From electric vehicles to cosmetics, and even the word "mummy," there is a lot of rebranding going on.
Bowing to anger from right-wingers and conservative commentators, M&M's decided to rebrand the decades-old multi-colored candies after outrage over its latest addition, purple, and its new "spokescandy," also named "Purple."
"Roughly a year ago, Mars Wrigley updated the look of its M&M’s characters, announcing an initiative to make the mascots fit a 'more dynamic, progressive world.' As part of these changes, the company introduced new designs of some of M&M’s characters and wrote weirdly elaborate backstories for others. Most notably, the company made the green M&M less 'sexy' by shortening her legs and replacing her high-heeled boots with sneakers," Vox Media's Polygon reported last week.
Fox News personality Tucker Carlson infamously has waged war on the "woke" spokescandies, declaring at one point, “M&M’s will not be satisfied until every last cartoon character is deeply unappealing and totally androgynous.”
Fast forward to now: Actress and comedian Maya Rudolph is their new spokesperson, although the "spokescandies," perhaps after some additional rebranding, will be returning in a new ad on Super Bowl Sunday.
Which brings us to the rebranding of another icon: Jesus Christ.
He too will be part of the Super Bowl Sunday ads.
Over the next three years a $1 billion mostly-dark-money campaign – which reportedly will include funds from billionaire right wing anti-abortion and anti-LGBTQ funder David Green, the founder of Hobby Lobby – will promote Jesus in ads, including during the Super Bowl on February 12. Those two Super Bowl ads to "to redeem Jesus’ brand" will cost $20 million, Religion News Service reports.
The campaign to promote Jesus includes $100 million in ads declaring "He Gets Us," from "the Servant Foundation, an Overland Park, Kansas, nonprofit that does business as The Signatry," RNS adds.
The "donors backing the campaign have until recently remained anonymous — in early 2022, organizers only told Religion News Service that funding came from 'like-minded families who desire to see the Jesus of the Bible represented in today’s culture with the same relevance and impact He had 2000 years ago.'"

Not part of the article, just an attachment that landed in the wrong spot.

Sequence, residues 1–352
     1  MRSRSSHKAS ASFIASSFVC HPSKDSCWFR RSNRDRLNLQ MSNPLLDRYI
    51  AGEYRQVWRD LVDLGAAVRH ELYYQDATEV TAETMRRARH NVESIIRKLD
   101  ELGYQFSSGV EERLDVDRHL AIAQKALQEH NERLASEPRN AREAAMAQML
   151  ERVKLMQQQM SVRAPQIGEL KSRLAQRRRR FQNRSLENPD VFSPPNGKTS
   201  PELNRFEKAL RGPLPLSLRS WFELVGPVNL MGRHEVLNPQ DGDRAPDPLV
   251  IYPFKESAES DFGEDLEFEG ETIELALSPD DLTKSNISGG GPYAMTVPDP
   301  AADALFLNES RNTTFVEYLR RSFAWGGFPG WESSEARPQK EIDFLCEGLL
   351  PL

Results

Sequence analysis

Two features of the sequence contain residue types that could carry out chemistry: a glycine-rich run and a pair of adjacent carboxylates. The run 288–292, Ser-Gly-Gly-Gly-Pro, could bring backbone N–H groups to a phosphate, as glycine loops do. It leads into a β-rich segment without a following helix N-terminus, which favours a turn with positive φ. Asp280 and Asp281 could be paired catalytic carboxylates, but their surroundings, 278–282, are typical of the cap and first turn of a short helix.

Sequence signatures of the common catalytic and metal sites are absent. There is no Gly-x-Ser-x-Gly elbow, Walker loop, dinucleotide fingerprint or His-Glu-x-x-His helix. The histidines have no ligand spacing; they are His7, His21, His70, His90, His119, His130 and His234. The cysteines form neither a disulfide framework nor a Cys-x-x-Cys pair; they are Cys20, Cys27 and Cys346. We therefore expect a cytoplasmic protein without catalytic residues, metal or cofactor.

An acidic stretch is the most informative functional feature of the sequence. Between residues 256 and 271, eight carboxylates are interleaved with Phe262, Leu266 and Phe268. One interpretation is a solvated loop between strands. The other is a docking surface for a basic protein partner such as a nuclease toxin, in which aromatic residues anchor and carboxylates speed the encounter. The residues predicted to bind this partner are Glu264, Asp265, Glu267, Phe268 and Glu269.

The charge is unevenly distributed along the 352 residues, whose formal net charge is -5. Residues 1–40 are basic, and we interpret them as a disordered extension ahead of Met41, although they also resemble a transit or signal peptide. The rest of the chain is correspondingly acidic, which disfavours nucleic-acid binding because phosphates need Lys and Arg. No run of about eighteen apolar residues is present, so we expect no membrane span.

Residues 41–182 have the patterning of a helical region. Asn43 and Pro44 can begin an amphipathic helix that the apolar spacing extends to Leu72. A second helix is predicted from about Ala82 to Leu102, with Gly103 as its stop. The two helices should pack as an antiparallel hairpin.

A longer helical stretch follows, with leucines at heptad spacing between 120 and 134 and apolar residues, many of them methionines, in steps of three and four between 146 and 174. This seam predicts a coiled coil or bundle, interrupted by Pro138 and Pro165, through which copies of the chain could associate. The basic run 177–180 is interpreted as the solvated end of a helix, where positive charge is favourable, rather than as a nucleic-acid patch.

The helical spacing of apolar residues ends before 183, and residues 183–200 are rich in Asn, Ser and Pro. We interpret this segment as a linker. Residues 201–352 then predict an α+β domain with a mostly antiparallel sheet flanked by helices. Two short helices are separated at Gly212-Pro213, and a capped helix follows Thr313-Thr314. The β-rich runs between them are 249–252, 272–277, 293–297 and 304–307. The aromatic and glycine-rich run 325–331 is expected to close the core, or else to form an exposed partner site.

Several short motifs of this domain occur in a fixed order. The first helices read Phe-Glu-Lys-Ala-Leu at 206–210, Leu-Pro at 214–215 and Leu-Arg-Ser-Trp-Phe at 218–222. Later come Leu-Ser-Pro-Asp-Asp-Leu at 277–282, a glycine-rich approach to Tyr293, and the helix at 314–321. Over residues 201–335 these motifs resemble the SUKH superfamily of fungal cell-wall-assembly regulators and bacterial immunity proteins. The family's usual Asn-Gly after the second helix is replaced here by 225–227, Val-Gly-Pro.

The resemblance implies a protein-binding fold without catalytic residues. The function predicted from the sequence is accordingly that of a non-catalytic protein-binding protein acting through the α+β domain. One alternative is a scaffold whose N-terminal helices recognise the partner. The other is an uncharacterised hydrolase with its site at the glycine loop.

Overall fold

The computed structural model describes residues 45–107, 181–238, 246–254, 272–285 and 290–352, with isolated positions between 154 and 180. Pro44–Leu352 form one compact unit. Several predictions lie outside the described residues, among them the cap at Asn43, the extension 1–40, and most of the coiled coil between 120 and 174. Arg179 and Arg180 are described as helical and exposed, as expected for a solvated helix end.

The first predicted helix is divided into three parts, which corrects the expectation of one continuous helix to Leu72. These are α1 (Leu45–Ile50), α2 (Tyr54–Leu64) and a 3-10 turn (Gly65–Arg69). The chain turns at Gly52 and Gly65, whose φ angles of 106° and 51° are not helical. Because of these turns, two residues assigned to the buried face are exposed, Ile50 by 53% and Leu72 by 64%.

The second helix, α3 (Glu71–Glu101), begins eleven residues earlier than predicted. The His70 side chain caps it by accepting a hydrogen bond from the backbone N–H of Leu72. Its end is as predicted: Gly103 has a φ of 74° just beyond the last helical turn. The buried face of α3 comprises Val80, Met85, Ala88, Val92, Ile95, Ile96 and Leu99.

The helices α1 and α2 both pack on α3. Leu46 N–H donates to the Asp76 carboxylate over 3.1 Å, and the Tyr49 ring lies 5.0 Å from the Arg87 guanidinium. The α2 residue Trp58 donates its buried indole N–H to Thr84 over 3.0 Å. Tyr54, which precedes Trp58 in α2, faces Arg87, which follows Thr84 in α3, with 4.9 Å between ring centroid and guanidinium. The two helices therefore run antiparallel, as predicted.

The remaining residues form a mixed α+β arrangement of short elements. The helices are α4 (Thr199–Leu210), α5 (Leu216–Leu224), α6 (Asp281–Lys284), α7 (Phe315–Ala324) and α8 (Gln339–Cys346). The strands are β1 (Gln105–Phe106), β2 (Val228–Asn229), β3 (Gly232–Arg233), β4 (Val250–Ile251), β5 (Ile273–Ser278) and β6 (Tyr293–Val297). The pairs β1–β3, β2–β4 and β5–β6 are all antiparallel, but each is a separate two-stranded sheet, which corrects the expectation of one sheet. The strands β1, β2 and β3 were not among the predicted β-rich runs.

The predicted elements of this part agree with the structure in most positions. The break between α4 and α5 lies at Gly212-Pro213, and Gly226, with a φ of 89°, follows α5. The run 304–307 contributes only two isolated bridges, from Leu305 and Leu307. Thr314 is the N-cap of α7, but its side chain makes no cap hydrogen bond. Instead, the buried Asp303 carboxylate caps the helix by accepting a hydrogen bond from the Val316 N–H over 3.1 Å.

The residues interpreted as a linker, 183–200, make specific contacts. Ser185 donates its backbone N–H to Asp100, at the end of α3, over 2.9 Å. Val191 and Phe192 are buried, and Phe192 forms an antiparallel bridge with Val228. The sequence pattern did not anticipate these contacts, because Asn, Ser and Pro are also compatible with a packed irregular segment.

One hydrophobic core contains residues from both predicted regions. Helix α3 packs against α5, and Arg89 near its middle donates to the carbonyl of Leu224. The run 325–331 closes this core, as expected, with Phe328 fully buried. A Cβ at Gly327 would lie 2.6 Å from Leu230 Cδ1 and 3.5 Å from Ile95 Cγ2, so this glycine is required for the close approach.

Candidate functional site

But the full list of donors remains unknown.
"Jason Vanderground, president of Haven, a branding firm based in Grand Haven, Michigan, that is working on the 'He Gets Us' campaign, confirmed that the Greens are one of the major funders, among a variety of donors and families who have gotten behind it."
In a Washington Post interview last year, Vanderground "said Christians see their faith as the greatest love story, but those outside the faith see Christians as a hate group."
But rather than try to convince self-identified followers of Christ to act as Jesus would want, right-wing interests are spending $1 billion to convince others of what Christianity is supposed to be about.
“Our research shows that many people’s only exposure to Jesus is through Christians who reflect him imperfectly, and too often in ways that create a distorted or incomplete picture of his radical compassion and love for others,” Vanderground told The Washington Post. “We believe it’s more important now than ever for the real, authentic Jesus to be represented in the public marketplace as he is in the Bible.”
Some are not impressed, and are more-or-less asking, "What would Jesus do?"
“They are latching on to this touchy-feely, conveniently vague, designer Jesus,” podcaster, author, and secular activist Seth Andrews told RNS. Andrews "poses the question of what Jesus would think of the amount of money spent on the ads. Would he prefer that the money be spent on ministering to people’s physical needs or making the world a better place?"
“Or would he say, no, go ahead and spend $100 million to tell everybody how great I am?”
On-air, CNN said, "at first blush, it can all read like a stand against radical right-wing politics and related divisiveness," but adds that "some are calling this a 'right-wing stunt for politics.'"
"'He Gets Us' is funded by anonymous donors acting through a Kansas non-profit linked to staunchly conservative causes," CNN's report (video below) notes, saying it "raises alarms for some skeptics."
Watch CNN's report below or at this link.